There’s more excitement – so to speak – in the future for payroll departments, tax preparers, and taxpayers, as the Internal Revenue Service completed yet another restyling of Form W-4, “Employee’s Withholding Allowance Certificate.”
The new form was released in late 2019 and follows a previous release in Dec. 2018. The progression of W-4 changes is driven by the Tax Cuts and Jobs Act of 2017 (TCJA).
Along with lower tax rates, welcomed by many, the TJCA created a certain amount of confusion. The law’s effects as it related to the nuances of the tax system were not then in many – or most cases - well understood. To some degree, it’s still a process in search of the finish line.
Now, additional TCJA experience and two tax years are under the belts of tax preparation and employee payroll communities. Out of this comes the new W-4, a crucial document under any tax law or revision. An early draft of the new W-4 was released in May 2019. A subsequent close-to-final version was issued in August, followed in December by the final form.
Employees choose on the W-4 how much money is withheld from their pay to meet their federal income tax requirements. Each employee should review their W-4 annually to ensure the withholding corresponds to their financial situation. An annual W-4 review is worthwhile even if no pay or financial changes have occurred. It keeps the subject annually at a taxpayer’s top-of-mind.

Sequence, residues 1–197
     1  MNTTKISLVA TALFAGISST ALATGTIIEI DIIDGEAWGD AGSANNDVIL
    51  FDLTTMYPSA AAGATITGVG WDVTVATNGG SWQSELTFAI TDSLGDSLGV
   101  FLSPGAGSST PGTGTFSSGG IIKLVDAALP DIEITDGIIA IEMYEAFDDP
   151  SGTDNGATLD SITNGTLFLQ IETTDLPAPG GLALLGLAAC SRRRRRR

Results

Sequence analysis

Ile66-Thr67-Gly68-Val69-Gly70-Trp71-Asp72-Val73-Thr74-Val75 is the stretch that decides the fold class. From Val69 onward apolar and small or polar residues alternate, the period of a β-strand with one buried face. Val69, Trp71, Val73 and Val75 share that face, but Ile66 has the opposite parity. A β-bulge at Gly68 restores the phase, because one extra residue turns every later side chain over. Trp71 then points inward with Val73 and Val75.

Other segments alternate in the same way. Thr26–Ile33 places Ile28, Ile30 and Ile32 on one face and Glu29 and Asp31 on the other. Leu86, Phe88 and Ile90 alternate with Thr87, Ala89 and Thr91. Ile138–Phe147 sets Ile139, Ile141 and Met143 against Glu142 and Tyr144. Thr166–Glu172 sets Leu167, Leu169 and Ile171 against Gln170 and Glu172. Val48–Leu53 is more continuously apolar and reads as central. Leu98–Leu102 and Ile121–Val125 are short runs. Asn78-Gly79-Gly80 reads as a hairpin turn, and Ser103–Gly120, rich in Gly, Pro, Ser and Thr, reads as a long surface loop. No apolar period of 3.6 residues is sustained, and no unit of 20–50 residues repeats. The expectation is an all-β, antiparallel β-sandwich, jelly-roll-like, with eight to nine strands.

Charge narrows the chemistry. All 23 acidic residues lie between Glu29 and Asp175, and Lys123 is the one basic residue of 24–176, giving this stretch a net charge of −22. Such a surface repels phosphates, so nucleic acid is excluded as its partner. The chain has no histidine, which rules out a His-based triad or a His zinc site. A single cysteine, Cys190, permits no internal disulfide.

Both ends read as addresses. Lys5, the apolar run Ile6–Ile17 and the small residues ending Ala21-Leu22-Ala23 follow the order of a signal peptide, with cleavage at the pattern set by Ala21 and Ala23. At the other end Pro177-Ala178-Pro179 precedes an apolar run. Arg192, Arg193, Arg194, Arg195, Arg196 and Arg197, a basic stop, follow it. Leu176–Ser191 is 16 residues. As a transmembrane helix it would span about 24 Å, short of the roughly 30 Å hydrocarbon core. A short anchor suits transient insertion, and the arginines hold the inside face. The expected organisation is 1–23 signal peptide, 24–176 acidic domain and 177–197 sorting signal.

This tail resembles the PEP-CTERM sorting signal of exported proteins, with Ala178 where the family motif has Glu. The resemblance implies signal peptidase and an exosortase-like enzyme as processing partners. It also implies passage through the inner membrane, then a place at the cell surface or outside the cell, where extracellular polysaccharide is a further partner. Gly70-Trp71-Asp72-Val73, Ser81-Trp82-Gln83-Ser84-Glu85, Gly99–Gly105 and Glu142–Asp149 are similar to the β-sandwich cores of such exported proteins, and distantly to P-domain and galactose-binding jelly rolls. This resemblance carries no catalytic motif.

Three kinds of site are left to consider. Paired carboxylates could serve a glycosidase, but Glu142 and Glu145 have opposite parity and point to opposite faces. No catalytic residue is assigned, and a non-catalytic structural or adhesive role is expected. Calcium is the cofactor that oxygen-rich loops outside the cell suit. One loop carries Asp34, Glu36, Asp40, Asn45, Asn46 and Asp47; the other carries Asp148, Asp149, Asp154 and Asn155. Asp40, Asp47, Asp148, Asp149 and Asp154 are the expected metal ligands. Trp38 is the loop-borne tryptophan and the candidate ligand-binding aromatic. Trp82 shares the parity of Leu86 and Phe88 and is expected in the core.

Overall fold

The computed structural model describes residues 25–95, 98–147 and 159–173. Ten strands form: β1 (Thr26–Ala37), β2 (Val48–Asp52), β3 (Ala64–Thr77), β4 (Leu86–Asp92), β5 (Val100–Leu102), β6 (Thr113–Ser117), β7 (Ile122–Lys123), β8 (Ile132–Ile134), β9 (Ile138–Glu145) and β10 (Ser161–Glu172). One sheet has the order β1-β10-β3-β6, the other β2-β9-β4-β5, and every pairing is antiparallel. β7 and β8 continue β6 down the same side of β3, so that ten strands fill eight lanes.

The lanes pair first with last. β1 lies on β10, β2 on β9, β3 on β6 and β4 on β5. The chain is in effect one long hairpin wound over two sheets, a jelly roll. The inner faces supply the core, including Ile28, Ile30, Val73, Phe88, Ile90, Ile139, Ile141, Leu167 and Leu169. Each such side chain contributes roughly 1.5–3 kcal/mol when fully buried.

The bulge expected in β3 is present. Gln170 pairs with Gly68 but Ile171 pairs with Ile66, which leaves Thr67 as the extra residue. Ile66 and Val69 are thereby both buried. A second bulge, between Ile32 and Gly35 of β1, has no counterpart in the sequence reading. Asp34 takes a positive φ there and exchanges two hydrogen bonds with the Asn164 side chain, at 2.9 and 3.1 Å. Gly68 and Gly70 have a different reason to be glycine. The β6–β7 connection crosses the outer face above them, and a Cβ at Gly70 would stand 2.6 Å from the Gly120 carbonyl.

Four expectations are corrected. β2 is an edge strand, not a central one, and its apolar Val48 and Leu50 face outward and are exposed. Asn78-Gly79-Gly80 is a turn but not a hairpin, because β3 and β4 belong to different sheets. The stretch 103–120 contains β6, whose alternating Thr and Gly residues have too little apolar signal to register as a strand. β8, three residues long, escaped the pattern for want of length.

The IRS offers tools to assist in determining that the correct amount of taxes are withheld. Taxpayers can use the Paycheck Checkup to decide how much or little they want withheld. Employers can use the new Tax Withholding Assistant to determine how much federal tax should be deducted from employees’ pay.
Previously there were two standards for W-4 withholding exemptions: if in 2018 you had no tax liability and were eligible for a refund of all the money withheld from your pay, and if in 2019 (for filing in 2020) the same circumstances existed. The new W-4 version eliminates the exemptions.
As always, the new W-4 form is intended to make withholding simpler and clearer. Whether or not that is the case remains to be seen.